The oil-finder lives by his imagination, and he is not plagued by doubt.
He has a certain quality, unnamable to many of those who have it, that possesses him to gamble hundreds of thousands of dollars and more on a picture in his mind's eye of how it was -- thousands of feet down -- millions of years ago.
Once it was called doodlebugging, after the ''doodlebug'' sticks oil seekers would use like divining rods. Now finding oil has grown more important, more scientific, and more lucrative than ever before. The hunt is accelerating toward the fervid pace of the early 1950s. It is drawing students to geology like moths to light. It is luring geologists from the major oil companies, where they got their experience, to independent firms, where they get a piece of the action.
What Victor Church sees as he drives the long, straight roads through the cotton fields of the southern end of the San Joaquin Valley -- California's fruit basket -- is not cotton or long straight roads. He sees ridges, pools, and slopes a mile and two miles straight down: the mountains and streams of millenniums ago.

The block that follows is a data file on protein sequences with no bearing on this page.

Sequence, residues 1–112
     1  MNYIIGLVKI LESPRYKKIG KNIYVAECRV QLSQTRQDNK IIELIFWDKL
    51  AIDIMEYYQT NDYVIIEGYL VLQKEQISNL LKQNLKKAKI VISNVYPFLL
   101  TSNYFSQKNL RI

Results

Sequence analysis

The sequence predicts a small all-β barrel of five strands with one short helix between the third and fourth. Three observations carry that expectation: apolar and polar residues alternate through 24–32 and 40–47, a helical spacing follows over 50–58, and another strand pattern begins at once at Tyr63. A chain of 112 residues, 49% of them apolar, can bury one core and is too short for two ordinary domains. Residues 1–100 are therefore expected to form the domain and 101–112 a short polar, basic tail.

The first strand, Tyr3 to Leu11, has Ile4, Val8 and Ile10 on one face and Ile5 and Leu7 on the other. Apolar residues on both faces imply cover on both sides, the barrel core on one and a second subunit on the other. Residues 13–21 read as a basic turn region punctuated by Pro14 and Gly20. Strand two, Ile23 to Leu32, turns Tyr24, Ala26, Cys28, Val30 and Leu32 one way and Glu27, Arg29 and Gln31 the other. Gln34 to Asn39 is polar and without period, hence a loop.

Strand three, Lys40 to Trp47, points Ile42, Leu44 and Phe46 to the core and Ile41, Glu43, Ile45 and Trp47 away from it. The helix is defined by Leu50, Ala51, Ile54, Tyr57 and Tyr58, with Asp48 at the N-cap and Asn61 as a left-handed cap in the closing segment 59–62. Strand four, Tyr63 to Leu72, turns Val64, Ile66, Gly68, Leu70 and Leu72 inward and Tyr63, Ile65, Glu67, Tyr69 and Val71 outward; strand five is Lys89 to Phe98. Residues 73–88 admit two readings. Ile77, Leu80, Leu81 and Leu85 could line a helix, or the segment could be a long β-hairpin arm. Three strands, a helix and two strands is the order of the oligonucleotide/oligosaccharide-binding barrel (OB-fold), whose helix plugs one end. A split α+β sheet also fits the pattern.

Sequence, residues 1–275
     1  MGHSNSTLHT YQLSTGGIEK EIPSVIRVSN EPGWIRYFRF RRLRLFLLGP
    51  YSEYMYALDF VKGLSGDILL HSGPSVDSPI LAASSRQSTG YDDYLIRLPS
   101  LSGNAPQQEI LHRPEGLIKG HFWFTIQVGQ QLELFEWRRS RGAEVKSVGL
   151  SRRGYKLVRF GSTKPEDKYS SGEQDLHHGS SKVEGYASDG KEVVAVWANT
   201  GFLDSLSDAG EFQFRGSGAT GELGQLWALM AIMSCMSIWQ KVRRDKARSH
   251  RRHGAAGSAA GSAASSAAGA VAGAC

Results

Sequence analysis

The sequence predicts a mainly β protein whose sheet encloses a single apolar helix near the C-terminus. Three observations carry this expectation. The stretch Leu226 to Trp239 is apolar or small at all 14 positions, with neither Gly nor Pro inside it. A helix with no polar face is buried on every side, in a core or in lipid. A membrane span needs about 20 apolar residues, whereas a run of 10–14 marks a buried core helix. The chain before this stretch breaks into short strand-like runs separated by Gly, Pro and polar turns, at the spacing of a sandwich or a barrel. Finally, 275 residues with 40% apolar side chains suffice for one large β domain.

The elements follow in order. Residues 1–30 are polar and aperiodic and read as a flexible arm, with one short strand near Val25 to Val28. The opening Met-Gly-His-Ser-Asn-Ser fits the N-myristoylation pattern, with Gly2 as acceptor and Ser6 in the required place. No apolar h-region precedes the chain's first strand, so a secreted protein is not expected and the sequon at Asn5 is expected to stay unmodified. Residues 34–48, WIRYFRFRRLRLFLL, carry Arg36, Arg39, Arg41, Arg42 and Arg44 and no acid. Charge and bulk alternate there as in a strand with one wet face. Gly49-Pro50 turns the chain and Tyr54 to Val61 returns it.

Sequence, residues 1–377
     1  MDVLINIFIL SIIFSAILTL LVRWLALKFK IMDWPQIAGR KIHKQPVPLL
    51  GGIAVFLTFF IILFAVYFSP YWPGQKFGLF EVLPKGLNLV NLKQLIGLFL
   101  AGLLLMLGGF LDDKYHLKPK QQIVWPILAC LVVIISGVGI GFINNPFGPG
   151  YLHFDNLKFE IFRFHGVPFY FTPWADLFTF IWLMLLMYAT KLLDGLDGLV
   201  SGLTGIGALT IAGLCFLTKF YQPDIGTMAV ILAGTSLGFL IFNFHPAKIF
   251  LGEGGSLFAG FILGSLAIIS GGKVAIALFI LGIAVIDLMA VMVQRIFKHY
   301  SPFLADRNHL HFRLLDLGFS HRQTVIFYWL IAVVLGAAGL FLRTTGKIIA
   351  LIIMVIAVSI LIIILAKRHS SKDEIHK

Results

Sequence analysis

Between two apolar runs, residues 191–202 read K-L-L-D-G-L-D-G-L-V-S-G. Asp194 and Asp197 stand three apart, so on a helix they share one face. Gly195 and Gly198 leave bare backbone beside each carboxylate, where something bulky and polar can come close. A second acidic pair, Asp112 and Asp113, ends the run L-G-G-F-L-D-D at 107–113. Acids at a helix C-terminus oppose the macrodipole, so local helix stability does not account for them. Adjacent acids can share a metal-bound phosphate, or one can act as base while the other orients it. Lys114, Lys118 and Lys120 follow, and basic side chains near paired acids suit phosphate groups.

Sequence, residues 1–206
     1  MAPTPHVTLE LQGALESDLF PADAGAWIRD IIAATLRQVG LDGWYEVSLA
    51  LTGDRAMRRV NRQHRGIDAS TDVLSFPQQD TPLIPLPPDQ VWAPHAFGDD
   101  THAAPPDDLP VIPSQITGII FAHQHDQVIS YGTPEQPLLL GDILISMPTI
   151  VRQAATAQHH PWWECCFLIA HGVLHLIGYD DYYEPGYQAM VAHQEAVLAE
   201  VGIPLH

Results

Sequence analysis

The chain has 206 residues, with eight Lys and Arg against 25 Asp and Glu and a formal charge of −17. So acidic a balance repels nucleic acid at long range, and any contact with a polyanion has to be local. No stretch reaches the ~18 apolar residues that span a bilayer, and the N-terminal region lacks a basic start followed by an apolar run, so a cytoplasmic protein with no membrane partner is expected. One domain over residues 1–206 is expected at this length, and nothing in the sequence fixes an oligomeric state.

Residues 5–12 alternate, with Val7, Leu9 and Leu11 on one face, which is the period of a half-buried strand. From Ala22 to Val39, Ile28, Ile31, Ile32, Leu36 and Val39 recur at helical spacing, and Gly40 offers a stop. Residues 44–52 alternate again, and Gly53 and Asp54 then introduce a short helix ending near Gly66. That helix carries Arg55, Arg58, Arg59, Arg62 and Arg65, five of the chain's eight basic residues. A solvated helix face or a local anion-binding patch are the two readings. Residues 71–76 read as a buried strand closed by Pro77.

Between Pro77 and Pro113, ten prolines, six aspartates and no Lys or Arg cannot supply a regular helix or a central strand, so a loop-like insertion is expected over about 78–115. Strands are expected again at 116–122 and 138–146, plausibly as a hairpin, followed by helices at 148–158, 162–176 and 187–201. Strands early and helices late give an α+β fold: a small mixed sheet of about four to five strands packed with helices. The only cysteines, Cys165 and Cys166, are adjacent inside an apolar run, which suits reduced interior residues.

Or rather, he imagines them. He has worked among them for years and he will never see them.
What he will do is put a pinhole in the plain -- a well -- over 7,000 feet deep and a mile away from the safe company of his present, working wells, and see if the oil field extends that far. The drilling alone will cost a quarter-million dollars. He has wanted to try it for years.
Victor Church is an independent petroleum geologist. He looks for oil. He has his own projects and he consults for others and does various combinations of the two.
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